Sunday, August 7, 2016
Othello (Shakespeare By The Sea 2016 Production) Theatre Review
Cymbeline, which means they’re carrying pieces for two different sets in their truck. The actors help construct the set for each performance.
This production begins with the first line of Act I Scene iii, “There is no composition in these news/That gives them credit.” It then adds a brief (and silent) wedding scene between Othello and Desdemona before going back to Scene i. Othello (Phillip C. Curry) is significantly older than Desdemona (Melissa Booey) in this production. Like a few decades older. So there is the interesting (and unspoken) dynamic that she is perhaps seeking a new father figure, replacing her father, which could give her actual father, Brabantio, more cause to be disturbed and upset by this marriage. Of course, Chris Nelson, who plays Brabantio, seems too young for the role, so that possible direction for exploration into the relationship is partially lost.
Curry has a strong voice, full of pride, and you get the sense that it is that very characteristic, his pride, which leads to Othello’s being misguided by Iago. When Brabantio cries out, “My daughter,” and someone asks if she is dead, and he replies, “Ay, to me,” Othello, standing stage left, actually laughs. It’s an interesting touch, and it sets him apart even further. And when Iago goes to fetch Desdemona, Othello delivers his lengthy speech to the audience, only occasionally addressing the other characters on stage. In addressing us, he seems to further separate himself from those around him, as his pride makes him feel he doesn’t need their acceptance or understanding. He can be threatening too, with a violence bubbling just below the surface, as when he grabs Iago by the wrist on “Be sure of it!”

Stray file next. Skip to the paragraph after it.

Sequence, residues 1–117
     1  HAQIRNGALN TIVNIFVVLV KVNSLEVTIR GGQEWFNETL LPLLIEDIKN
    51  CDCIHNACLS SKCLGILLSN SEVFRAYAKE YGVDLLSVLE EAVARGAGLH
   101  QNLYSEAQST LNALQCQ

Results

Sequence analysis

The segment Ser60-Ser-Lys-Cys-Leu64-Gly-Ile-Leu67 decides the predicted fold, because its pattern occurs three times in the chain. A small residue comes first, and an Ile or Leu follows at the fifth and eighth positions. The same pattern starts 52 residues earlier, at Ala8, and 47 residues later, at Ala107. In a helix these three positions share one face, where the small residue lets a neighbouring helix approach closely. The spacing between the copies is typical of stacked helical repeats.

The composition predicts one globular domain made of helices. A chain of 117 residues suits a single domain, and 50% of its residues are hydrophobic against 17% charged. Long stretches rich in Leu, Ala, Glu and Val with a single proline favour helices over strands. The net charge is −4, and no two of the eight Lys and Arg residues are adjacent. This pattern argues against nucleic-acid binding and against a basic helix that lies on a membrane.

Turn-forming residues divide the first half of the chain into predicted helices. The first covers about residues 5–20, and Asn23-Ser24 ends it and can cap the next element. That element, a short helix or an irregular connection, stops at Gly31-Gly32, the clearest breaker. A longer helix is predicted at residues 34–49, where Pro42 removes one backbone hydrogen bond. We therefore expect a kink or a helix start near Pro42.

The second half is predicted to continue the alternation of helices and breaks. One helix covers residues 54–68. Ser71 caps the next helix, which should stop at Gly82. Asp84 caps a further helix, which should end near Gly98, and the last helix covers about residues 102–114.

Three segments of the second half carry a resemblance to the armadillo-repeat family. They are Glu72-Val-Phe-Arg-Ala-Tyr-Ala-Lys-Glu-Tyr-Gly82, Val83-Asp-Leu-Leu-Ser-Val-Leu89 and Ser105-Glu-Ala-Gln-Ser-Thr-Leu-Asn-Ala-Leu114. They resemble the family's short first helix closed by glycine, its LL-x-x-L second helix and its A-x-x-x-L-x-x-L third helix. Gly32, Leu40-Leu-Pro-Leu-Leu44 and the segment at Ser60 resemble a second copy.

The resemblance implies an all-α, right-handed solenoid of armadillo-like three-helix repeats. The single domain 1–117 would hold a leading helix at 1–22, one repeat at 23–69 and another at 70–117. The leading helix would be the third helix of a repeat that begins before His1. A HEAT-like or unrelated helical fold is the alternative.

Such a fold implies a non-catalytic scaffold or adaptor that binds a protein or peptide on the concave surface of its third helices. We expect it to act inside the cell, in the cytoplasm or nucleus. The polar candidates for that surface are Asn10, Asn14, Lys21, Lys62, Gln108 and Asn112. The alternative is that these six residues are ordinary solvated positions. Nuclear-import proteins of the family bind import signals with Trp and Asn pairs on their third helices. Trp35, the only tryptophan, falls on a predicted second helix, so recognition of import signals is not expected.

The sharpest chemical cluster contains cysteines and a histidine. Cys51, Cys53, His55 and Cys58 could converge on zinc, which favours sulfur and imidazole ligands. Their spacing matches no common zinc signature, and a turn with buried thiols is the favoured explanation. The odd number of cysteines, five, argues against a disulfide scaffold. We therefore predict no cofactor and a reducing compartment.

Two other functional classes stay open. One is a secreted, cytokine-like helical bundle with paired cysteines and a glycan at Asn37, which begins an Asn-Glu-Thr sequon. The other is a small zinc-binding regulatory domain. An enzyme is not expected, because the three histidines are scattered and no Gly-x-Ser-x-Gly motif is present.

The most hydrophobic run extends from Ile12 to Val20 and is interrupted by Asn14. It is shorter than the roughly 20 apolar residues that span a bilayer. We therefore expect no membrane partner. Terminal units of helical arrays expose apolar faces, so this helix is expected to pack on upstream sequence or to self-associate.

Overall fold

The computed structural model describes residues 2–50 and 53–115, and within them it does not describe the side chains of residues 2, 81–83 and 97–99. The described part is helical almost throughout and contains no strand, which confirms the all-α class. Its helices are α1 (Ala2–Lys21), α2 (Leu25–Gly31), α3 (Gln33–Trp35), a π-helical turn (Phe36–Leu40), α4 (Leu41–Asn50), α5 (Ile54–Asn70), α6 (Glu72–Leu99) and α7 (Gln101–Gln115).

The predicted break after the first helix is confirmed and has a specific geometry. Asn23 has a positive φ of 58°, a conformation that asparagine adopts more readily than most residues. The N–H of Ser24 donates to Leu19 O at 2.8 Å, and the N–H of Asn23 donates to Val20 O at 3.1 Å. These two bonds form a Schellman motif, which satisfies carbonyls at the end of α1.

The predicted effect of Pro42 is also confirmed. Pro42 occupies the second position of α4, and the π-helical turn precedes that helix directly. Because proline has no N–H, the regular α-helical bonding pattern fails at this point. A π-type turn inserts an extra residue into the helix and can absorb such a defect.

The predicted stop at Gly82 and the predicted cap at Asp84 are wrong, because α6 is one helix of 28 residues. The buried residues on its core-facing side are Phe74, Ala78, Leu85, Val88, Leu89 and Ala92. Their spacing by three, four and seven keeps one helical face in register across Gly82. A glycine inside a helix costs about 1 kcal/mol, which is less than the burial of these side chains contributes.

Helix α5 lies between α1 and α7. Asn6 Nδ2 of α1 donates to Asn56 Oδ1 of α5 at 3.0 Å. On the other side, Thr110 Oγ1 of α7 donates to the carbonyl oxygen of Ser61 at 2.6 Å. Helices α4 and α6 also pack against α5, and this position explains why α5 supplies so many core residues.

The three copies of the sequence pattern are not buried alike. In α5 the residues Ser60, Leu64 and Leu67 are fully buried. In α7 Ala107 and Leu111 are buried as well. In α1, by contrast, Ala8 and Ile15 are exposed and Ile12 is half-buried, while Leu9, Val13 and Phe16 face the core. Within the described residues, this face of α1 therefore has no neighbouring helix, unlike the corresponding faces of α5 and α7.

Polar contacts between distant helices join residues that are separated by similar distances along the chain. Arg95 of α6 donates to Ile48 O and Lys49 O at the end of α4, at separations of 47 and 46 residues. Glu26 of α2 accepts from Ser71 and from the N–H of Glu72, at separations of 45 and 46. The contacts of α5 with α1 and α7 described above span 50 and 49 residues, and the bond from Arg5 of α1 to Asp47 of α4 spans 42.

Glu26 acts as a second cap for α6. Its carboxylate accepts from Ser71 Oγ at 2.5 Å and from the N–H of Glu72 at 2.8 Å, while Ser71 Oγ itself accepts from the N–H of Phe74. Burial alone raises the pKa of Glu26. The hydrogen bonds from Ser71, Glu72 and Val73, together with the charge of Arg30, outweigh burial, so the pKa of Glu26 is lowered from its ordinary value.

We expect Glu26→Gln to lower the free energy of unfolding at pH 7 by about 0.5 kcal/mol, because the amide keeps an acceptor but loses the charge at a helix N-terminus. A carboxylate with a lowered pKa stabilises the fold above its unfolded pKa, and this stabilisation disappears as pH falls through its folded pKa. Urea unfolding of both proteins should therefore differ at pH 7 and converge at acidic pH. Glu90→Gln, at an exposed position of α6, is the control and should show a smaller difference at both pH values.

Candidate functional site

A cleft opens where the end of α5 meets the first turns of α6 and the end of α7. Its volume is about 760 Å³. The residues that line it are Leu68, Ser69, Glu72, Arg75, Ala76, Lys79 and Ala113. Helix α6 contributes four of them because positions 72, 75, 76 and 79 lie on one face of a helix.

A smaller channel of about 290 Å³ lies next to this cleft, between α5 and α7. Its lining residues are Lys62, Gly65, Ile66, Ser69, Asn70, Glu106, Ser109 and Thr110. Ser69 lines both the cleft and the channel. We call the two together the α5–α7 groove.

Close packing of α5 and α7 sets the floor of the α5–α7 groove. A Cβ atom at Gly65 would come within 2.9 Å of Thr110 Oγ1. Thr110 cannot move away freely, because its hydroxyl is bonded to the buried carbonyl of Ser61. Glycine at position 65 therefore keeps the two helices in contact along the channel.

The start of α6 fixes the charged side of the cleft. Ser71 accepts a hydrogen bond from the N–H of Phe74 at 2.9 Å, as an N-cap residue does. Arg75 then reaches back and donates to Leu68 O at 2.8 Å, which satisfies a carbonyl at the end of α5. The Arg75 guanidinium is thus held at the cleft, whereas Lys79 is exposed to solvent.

It is Iago, however, who dominates the play. Patrick Vest is excellent as Iago. His costume is dominated by blacks and reds, which might be obvious for a villain, but which works. His relationship to, and manipulation of Roderigo is established early and clearly. Roderigo (Dorian Tayler) is a pitiable character, but you grow to have some sympathy for him, partly because of Tayler’s remarkable performance. The second time Iago tells Roderigo to put money in his purse, he actually takes Roderigo’s purse, and before the third time he tells him, he looks into the purse and is clearly disappointed by the little he sees inside. It’s a nice touch, and Vest does a great job with the speech at the end of the scene. Tayler is really good in the scene where he determines to get his jewels back from Desdemona.
In Act II Scene i, Cassio kisses Emilia on each cheek and then briefly on the lips, giving fuel to Iago’s own jealousy and suspicions. And interestingly, when Iago speaks of Cassio touching Desdemona’s hand, everyone else on stage slows their motions. It’s a strong effect, and what is interesting is that it puts us more in Iago’s state of mind, in a way aligning us with the villain, almost making us like him. The effect is used again when Iago speaks to Roderigo. The two take center stage while the others move to the sides of the stage and slow their motions. Later, Iago’s stabbing of Roderigo is done in slow motion.